The Writers’ Toolkit 2011

The Writers’ Toolkit 2011 took place on Saturday 19 November.

The keynote speaker was TV & radio presenter, author, journalist and columnist (and Patron of Writing West Midlands), Stuart Maconie.

The closing address was delivered by Ruth Borthwick, Director- Arvon Foundation.

 
2011 programme

Strand 1

11am – 11.45am

Hearing Voices – Writing for Radio Nick Walker, Writer & Producer, Top Dog Productions Mary Ward-Lowery, Radio Producer, BBC Audio & Music

Jenny Stephens, Freelance Theatre Director, Radio Producer & Writer & Partner, Hoopla Productions

Writing for radio – short stories, drama, features – is a part of the work of many writers, although it perhaps does not get the profile it deserves. Even in these straitened times, radio is uniquely welcoming to new voices and innovation. Our three speakers looked at the opportunities for writers to work in this sector.

Gathering Intelligence – Mentoring for Writers Sarah Hymas, Writer & Mentor, The Writing Smithy Charlie Jordan, Writer & Performer Steve Dearden, Director, National Association of Literature Development

Mentoring can offer writers and others in the literature sector a valuable opportunity to benefit from the experience and knowledge of their peers. What are the benefits to individuals and what do those offering mentoring need to consider?

Writing Fiction – The Tindal Street Masterclasses Alan Mahar, Publishing Director, Tindal Street Press

Alan Mahar introduced an initiative from Tindal Street Press, which was aimed at aspiring and emerging writers who wished to develop their talents as fiction writers.

Judging a Digital Device by its Cover – E-Publishing Luke Brown, Senior Editor, Tindal Street Press Wes Brown, Information Manager, National Association of Writers in Education Tracey Geary, Chief Executive Officer, Cyprus Well

E-Publishing is increasingly making an impact on writers’ lives. Many are embracing the possibilities, particularly of finding new ways of offering their work to readers. E-Publishing is also starting to change what we think of as literature, allowing writing to engage with other art forms. Our speakers looked at recent initiatives.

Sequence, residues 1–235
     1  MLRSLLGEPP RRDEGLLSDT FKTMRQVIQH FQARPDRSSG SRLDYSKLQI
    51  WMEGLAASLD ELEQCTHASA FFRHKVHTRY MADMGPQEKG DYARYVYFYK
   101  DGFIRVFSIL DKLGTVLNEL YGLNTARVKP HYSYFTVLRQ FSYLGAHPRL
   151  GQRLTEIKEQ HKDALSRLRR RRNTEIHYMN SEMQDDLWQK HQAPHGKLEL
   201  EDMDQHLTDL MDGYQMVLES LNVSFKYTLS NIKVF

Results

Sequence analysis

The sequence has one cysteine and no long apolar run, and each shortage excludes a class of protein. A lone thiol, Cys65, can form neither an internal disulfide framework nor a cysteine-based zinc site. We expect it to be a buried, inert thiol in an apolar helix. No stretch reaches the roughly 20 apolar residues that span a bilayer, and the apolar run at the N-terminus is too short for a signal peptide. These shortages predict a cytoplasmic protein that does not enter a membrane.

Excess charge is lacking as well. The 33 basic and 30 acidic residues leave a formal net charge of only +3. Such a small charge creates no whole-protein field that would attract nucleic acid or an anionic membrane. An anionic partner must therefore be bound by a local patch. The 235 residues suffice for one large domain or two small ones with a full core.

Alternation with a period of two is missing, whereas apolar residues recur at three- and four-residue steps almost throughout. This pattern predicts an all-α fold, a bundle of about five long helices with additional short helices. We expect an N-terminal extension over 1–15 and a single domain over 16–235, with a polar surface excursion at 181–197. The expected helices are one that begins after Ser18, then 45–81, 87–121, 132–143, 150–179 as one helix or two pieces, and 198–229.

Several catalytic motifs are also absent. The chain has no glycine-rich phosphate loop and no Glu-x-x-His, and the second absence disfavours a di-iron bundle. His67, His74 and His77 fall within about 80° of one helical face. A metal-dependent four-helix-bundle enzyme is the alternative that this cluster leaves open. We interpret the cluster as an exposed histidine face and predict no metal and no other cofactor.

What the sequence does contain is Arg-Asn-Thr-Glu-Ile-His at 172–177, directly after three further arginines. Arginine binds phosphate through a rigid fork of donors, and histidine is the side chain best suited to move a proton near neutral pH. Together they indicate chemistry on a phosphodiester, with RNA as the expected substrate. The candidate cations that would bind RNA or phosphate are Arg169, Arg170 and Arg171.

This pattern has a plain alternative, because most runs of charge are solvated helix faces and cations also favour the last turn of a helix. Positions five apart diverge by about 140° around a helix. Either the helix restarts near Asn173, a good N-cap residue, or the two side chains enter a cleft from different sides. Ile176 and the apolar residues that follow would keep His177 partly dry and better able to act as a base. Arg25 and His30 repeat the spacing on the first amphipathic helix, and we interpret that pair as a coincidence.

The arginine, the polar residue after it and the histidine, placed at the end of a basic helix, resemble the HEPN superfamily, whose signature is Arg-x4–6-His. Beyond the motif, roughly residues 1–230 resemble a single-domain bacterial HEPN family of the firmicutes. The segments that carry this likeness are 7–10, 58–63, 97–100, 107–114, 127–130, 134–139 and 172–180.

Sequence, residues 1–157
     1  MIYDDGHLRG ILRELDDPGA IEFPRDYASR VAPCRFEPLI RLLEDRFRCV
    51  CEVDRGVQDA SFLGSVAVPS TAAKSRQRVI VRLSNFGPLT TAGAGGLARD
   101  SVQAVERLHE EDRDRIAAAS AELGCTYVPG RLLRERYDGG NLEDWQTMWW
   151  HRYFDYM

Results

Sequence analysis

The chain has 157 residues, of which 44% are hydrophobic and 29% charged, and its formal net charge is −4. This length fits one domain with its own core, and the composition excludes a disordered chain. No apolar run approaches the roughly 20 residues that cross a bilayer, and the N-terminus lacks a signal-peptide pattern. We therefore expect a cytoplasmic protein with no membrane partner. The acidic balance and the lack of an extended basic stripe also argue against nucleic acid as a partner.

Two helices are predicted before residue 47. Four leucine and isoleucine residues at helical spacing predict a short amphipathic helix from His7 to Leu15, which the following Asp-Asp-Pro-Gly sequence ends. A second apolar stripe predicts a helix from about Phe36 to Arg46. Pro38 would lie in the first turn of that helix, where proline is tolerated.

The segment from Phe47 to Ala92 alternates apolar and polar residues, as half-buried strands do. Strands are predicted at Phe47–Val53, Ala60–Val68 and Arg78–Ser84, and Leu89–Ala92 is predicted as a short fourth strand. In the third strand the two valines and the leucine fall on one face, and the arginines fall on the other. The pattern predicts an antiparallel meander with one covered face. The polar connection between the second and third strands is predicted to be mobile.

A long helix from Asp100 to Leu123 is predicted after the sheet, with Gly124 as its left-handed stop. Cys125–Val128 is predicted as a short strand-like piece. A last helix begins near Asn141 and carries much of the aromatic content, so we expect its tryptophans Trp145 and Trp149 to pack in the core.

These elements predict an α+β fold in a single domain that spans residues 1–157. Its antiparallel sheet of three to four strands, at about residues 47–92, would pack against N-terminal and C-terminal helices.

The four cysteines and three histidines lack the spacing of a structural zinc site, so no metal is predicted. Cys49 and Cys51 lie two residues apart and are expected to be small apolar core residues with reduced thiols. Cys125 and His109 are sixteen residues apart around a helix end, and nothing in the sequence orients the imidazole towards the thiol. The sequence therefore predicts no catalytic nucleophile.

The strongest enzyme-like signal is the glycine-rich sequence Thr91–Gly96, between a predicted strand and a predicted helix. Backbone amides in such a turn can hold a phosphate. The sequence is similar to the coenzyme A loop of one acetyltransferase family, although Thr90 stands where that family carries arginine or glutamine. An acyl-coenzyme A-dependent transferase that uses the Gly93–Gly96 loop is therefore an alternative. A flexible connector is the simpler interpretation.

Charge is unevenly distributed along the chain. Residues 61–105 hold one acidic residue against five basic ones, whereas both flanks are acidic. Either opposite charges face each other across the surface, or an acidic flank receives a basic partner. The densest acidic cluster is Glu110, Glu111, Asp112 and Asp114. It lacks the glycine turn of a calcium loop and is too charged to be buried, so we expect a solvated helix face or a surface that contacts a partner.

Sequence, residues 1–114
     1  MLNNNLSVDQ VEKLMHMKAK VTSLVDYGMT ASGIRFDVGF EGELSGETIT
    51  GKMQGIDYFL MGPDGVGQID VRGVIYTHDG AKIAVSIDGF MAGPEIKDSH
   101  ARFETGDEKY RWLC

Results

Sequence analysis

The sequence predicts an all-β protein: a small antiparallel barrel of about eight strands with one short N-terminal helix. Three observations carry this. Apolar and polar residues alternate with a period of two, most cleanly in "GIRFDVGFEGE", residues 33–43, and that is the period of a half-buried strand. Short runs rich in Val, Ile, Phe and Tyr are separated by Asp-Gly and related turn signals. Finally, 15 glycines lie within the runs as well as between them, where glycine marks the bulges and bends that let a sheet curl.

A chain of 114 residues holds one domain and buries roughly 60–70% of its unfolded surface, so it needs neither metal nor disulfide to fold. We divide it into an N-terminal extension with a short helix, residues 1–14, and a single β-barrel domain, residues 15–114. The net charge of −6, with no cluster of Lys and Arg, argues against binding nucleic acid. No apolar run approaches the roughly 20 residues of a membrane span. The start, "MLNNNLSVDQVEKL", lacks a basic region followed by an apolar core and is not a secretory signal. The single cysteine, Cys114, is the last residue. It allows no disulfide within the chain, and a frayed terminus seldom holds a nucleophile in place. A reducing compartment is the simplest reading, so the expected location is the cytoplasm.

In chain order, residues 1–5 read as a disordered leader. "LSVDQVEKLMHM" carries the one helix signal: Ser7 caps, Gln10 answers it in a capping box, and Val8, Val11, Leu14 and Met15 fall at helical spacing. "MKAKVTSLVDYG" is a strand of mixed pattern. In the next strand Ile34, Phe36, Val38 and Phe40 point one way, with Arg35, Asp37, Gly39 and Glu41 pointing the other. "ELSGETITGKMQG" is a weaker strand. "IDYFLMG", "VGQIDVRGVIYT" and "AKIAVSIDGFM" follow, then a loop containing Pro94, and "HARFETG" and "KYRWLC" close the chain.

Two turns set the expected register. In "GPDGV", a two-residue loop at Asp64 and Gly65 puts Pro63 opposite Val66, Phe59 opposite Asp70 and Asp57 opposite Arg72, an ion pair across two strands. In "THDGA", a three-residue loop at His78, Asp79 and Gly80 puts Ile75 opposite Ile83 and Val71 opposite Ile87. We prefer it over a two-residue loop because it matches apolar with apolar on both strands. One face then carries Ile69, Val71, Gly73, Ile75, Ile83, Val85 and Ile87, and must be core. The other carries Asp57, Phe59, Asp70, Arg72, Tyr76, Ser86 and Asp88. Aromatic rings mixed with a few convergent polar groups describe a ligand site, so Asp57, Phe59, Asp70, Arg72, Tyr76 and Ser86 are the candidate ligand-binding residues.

Strand 2

11.55am – 12.40pm

Setting Out Your Stall – Working with Literature Festivals Cathy Bolton, Director, Manchester Literature Festival Matt Holland, Director, Swindon Festival of Literature

Good literature festivals work closely with a great range of writers, and not only those who are already established. Two literature festival directors spoke about how and why they work with writers and how writers can successfully engage with festivals.

Grand Designs – Making Projects Work Jo Bell, Writer & Director, National Poetry Day David Gaffney, Writer Philip Monks, Writer & Chair, Writing West Midlands

A well-managed project is a pleasure to behold. Sadly, plenty of projects end up being life-shortening for those involved. Our panelists discussed the joys and disciplines of making projects work including, doubtless, just how important a well-honed spreadsheet is for general health and welfare.

I am (not) Spartacus – Maintaining Identity as a Writer Roz Goddard, Writer & Board Member, Writing West Midlands Jenn Ashworth, Writer & Mentor, The Writing Smithy Helen Cross, Writer

While most writers want to write, their portfolio lifestyles demand that they earn their living from a range of related activities. How can one be a writer while spending considerable amounts of time not actually writing? Does it matter when a writer is paid more to talk and teach than to think and write?

Avoiding Detention – Working with Schools Campbell Perry, Writer Paul Munden, Director, National Association of Writers in Education Aysha Afridi, Relationship Manager, Learning, Arts Council England, West Midlands